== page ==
Abstract 1626: Exercise Training Has Protective Effects in Acute Cardiac Overload by Preventing Apoptosis and Nf-kB Activation
Introduction: Cardiac overload is an important stimulus for triggering HF. We hypothesized that exercise training (ExT) could positively influence the early cardiac adaptation to overload by preserving myocardial integrity and modulating the triggers of pathways associated with pathological cardiac remodeling.
Material and Methods: Male Wistar rats were randomized in 3 groups:
Exercise Overload (Ex+Ov; n=5; 14 week-ExT and acute pressure overload at the end of the study),
Control (CT; n=5; no exercise and no overload) and
Control Overload (CT+Ov; n=5; overload in non exercised animals). At the end of the ExT protocol, animals were prepared for hemodynamic instrumentation with tip micromanometer pressure catheters.
An acute pressure overload (APO) was induced by constricting the descending aorta (60% LVPmax elevation) for 120 min. Samples from cardiac tissue were prepared for Light (LM) and Transmission Electron Microscopy (TEM) and immunohistochemistry (cleaved caspase-3 and Nf-kB).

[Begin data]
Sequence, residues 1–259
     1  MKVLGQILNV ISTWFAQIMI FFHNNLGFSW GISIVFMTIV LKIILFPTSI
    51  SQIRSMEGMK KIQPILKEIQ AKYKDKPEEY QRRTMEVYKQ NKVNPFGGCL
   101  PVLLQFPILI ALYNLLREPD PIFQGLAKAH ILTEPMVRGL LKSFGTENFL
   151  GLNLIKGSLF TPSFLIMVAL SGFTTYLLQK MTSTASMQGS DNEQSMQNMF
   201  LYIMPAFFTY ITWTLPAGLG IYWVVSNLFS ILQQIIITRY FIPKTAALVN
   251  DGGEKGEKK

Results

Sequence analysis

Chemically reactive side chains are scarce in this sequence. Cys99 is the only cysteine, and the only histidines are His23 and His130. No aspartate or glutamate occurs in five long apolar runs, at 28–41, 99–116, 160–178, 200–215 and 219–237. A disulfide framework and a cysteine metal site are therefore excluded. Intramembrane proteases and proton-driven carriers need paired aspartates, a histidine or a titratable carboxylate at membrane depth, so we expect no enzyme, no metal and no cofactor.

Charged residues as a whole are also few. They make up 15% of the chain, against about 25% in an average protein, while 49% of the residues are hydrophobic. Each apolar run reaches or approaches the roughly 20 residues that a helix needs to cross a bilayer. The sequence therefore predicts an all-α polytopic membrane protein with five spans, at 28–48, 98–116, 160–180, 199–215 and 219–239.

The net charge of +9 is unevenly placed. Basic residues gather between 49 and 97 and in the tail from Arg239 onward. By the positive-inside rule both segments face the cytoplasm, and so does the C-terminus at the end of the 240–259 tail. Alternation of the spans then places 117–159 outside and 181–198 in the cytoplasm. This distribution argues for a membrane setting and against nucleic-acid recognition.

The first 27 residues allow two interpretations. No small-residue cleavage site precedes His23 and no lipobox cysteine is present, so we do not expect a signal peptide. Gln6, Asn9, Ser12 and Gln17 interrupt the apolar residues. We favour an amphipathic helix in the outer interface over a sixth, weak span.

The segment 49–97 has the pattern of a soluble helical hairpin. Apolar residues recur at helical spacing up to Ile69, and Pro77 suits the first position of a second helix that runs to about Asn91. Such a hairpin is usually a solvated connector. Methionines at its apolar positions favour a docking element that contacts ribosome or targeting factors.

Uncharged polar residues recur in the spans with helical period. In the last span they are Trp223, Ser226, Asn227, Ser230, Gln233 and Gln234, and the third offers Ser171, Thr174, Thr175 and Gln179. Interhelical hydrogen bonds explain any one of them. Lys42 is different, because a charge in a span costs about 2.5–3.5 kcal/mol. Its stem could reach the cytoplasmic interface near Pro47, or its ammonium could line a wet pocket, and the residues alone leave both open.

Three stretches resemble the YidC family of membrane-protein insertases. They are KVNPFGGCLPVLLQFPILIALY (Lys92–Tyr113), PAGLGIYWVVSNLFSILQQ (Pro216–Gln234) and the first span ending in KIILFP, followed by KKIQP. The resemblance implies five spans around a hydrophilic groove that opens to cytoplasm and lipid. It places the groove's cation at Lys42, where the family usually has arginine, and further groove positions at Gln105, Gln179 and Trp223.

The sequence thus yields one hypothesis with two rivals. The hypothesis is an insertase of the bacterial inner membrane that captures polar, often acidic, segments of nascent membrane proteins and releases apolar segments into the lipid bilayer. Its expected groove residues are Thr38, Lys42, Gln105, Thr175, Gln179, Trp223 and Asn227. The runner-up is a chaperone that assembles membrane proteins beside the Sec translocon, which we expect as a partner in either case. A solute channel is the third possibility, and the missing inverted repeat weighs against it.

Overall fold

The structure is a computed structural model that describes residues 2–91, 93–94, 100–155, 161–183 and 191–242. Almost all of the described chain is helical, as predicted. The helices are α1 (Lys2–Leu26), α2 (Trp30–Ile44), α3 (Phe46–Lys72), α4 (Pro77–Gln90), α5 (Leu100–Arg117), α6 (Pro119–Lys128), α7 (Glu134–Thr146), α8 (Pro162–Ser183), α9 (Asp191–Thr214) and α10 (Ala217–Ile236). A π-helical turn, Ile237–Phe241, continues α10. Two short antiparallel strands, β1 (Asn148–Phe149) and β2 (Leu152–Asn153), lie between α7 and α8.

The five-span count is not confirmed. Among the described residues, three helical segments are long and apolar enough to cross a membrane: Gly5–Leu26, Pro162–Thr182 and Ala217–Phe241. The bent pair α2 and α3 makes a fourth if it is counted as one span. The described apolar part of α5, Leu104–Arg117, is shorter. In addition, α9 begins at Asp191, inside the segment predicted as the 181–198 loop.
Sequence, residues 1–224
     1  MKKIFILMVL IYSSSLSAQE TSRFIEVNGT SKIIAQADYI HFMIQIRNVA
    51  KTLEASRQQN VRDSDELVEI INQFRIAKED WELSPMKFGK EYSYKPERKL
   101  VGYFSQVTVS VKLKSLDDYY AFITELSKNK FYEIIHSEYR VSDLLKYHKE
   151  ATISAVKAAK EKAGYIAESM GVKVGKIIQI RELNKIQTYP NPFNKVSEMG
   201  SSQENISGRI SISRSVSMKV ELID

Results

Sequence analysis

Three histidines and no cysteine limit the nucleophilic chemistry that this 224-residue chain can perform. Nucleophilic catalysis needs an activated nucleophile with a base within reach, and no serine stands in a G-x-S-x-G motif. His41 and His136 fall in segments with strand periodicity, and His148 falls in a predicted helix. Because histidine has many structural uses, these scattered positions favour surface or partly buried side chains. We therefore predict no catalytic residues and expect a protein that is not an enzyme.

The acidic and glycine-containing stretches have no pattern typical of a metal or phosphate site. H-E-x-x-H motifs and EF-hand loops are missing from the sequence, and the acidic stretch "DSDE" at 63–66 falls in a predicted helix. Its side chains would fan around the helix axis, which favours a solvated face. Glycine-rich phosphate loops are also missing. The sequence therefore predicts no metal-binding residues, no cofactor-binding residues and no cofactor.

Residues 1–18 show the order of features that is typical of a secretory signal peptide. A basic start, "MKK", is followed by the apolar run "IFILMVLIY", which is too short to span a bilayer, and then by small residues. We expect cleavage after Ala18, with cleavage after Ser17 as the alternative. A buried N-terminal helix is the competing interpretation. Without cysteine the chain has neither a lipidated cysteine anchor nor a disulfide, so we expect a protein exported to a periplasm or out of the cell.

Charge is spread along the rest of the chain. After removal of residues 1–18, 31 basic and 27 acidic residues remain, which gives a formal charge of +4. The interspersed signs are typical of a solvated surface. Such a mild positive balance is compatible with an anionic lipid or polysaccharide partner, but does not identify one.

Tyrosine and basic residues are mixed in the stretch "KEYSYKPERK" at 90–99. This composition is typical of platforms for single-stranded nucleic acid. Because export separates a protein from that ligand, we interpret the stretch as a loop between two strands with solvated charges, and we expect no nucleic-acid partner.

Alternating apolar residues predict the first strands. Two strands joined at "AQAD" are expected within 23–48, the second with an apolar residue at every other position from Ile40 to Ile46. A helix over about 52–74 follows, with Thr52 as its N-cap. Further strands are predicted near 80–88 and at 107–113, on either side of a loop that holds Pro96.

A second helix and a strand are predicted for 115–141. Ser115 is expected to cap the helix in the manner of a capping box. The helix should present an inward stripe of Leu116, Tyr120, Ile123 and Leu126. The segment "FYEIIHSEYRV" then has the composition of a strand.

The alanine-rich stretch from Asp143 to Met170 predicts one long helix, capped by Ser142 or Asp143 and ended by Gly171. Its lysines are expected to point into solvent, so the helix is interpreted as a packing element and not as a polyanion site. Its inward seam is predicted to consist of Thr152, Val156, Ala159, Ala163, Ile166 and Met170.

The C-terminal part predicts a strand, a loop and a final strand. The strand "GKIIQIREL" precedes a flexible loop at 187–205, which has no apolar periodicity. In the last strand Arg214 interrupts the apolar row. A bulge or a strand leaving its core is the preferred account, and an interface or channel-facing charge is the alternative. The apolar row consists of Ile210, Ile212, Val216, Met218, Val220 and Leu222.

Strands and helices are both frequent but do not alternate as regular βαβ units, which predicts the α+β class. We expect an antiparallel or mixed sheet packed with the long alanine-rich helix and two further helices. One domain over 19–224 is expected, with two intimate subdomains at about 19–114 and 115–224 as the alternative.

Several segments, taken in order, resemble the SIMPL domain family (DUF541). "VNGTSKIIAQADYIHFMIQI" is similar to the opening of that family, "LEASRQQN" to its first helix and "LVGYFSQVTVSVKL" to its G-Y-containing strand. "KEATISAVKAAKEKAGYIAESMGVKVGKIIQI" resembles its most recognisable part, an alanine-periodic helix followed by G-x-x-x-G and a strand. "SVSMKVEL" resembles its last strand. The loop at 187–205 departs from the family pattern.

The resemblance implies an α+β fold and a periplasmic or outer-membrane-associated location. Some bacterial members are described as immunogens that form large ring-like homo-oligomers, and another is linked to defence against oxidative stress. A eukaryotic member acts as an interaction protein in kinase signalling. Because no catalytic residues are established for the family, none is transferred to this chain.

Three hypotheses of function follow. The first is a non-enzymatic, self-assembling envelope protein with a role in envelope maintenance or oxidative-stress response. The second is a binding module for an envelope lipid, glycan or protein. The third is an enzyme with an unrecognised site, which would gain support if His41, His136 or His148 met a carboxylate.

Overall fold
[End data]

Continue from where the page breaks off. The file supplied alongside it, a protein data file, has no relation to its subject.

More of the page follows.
Results: In comparison with CT group, CT+Ov animals presented intracellular edema and mitochondrial swelling in both ventricles. Regarding hemodynamic function, alterations were limited to LV, which showed diastolic dysfunction (Tau=13±8vs15±3vs22±9ms; CT, CT+Ov at 0 min and CT+Ov at 120 min of APO, respectively). Conversely, in Ex+Ov group, APO resulted in mild signs of cardiac interstitial edema in both ventricles, with no detectable LV or RV dysfunction. Regarding apoptosis, cleaved caspase-3 was detectable only in LV of CT+Ov group. In relation to Nf-kB, LV of CT+Ov group presented higher expression levels as compared to Ex+Ov group. There was no significant expression of caspase-3 or Nf-kB in RV of both groups.
Conclusion: The present study shows that apoptosis and Nf-kB pathways are activated as early as 2 hours after LV APO and that ExT seems to be effective in reducing their activation. We demonstrated that contrarily to sedentary animals, ExT preserved the ultra-structure of both ventricles. These findings suggest that exercise training has an important protective role in the modulation of the early cardiac response to pressure overload.